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Ultrafast magnetization dynamics probed with HHG time-resolved magneto-optics and spin-resolved ARPES
(University of Göttingen)
E1.173 (European XFEL building)
European XFEL building
Ultrashort extreme-ultraviolet pulses from high-harmonic generation (HHG) provide a powerful tool for novel experiments in the area of ultrafast materials science. The short-wavelength nature of these sources provide important information related to all electronic, magnetic, structural, and chemical properties of a solid. In our experiments, we use HHG-based magneto-optical and photoemission experiments to probe ultrafast carrier dynamics and photo-induced phase transitions in materials.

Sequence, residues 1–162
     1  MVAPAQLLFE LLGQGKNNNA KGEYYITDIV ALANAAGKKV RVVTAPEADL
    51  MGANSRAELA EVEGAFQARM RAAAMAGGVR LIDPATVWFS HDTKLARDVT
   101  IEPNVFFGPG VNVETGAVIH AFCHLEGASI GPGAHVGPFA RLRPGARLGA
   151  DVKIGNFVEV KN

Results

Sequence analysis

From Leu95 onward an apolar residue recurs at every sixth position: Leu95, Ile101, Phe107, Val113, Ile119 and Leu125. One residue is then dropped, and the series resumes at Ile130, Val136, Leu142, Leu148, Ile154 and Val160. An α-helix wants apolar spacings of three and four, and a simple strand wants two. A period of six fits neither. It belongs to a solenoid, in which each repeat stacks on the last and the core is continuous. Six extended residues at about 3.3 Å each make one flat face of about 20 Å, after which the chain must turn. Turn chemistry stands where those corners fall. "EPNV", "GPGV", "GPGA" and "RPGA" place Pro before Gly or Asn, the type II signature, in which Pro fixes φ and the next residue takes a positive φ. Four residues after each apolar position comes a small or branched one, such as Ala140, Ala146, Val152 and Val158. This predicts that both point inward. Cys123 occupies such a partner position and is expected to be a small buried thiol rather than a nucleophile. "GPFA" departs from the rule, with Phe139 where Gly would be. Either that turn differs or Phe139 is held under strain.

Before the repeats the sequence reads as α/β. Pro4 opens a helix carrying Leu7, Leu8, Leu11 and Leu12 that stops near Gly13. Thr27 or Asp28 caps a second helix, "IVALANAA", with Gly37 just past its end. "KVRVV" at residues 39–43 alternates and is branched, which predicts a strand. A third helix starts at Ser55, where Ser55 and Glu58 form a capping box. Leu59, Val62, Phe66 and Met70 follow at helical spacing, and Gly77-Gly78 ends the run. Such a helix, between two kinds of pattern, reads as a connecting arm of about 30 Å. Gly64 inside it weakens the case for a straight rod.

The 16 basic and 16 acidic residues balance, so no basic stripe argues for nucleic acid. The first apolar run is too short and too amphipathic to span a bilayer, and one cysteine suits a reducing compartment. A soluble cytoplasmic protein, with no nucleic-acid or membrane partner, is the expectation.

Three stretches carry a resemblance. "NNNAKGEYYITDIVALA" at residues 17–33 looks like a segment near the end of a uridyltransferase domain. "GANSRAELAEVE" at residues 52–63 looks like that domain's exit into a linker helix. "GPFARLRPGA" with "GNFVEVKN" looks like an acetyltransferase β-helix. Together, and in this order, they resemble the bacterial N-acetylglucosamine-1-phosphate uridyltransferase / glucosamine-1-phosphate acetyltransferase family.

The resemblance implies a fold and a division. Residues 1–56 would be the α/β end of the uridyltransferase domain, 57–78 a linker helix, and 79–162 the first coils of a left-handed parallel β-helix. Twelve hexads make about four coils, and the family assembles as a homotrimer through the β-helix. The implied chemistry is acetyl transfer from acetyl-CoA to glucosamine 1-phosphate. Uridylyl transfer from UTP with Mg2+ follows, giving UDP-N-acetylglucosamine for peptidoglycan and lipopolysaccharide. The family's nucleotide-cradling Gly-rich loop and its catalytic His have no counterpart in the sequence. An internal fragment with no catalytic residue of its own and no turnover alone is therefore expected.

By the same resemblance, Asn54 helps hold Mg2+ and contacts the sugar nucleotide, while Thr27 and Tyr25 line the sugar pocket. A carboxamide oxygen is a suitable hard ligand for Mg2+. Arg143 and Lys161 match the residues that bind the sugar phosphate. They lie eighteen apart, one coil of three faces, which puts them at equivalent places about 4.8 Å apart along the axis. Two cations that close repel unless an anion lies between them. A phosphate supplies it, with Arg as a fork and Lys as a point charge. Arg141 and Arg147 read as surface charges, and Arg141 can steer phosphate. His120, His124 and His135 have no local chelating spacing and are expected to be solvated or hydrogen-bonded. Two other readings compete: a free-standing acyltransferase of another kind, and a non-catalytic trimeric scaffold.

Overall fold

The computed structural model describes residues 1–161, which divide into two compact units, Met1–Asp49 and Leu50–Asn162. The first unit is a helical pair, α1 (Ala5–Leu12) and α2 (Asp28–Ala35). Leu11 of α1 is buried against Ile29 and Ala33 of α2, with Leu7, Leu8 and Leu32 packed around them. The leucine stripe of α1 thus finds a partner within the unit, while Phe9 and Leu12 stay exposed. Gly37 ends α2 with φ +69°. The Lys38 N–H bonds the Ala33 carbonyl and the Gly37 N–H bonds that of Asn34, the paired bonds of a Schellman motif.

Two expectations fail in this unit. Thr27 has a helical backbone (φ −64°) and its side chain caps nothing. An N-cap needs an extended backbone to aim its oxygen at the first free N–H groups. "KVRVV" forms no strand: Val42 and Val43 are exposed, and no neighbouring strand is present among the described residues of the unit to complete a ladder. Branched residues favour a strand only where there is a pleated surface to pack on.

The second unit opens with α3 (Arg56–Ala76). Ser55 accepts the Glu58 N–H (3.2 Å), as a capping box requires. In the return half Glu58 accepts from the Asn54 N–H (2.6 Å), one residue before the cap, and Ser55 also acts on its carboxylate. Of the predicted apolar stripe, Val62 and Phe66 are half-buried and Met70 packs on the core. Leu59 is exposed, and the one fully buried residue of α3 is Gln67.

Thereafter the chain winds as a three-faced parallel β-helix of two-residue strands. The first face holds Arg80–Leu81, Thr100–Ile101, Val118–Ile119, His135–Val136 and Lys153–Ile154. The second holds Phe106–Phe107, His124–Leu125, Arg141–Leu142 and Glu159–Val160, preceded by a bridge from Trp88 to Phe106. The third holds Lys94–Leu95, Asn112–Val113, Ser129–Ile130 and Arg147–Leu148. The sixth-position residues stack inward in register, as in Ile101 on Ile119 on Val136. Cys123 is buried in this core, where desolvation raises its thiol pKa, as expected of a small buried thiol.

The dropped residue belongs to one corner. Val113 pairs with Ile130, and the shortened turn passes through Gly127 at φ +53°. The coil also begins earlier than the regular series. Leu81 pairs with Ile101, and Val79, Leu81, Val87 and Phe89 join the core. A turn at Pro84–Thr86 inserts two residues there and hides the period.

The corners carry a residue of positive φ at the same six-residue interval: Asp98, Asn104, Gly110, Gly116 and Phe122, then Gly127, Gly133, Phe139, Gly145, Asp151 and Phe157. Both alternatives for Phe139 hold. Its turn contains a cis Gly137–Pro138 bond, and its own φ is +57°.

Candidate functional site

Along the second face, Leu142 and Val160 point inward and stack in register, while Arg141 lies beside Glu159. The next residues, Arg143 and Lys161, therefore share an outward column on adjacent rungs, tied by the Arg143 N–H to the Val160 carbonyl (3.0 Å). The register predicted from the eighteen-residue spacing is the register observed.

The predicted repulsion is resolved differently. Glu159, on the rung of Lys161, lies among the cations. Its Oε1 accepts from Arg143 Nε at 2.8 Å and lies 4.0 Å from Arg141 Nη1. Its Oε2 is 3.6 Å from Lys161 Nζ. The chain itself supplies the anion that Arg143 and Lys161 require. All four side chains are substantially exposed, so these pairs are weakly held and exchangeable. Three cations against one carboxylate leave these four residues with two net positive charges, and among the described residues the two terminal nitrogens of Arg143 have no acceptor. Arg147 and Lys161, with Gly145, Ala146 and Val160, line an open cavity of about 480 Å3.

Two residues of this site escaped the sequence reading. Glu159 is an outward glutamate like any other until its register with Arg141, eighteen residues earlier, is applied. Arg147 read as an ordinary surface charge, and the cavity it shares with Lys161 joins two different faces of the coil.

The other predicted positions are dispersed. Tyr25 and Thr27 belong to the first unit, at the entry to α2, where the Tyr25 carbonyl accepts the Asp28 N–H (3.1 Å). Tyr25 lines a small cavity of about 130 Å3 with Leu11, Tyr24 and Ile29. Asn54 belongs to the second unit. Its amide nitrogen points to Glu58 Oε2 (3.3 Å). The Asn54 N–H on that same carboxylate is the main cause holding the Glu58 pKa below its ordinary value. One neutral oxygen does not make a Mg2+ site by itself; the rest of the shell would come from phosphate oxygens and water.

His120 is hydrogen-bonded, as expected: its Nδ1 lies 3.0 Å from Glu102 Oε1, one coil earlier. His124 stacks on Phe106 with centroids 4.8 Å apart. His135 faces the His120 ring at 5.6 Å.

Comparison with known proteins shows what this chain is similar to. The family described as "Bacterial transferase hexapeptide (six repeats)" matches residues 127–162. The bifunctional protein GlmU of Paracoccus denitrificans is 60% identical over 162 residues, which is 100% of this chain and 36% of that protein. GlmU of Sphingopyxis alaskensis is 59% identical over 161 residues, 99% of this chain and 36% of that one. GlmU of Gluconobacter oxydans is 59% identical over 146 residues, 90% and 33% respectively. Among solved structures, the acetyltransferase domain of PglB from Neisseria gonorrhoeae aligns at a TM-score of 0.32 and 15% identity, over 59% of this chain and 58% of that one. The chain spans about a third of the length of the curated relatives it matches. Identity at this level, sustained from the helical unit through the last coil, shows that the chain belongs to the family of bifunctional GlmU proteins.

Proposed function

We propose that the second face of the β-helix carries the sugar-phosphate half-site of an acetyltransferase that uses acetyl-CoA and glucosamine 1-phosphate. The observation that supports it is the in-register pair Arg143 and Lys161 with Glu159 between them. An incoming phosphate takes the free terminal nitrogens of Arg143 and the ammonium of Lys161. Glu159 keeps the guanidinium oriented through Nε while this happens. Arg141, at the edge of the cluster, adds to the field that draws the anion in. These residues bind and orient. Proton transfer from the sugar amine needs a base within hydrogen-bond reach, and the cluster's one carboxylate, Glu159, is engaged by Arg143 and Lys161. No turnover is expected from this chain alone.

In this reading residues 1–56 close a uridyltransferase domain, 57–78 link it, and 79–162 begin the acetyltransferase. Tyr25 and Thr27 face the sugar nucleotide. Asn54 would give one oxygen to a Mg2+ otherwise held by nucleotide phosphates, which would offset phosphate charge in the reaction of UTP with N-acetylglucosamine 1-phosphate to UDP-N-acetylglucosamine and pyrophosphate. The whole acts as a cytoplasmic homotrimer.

Using element-specific HHG magneto-optical techniques, we elucidate the role of photo-induced ultrafast spin currents in magnetic multilayer stacks and alloys, between the layers [1,2], and also between the different elemental subsystems as proposed by Sharma et al. [Dewhurst et al., Nano Letters 18, 1842 (2018)]. With the help of a HHG time-, spin-, and angle-resolved photoemission spectroscopy (spin-resolved trARPES), in the case of Co, we map the optically-induced transitions and the connected spin-dependent band structure response on femtosecond timescales . Here, we observe two distinct processes at work. At energies near the Fermi-level, the spin dynamics are predominantly driven by a redistribution of spin-polarized carriers. At higher binding energies >1 eV, quenching of the spin polarization exhibits transient band dynamics that can be unambiguously traced back to rapid band mirroring of the electronic states. Because band-mirroring is a strong indication of spin fluctuations, we conclude that optically driven femtosecond spin currents induce collective spin excitations on extremely fast timescales
 Turgut et al., PRL 110, 107201 (2013)
 Hofherr et al., PRB 96, 100403(R), (2017)
 Eich et al., Science Adv. 3, e1602094 (2017)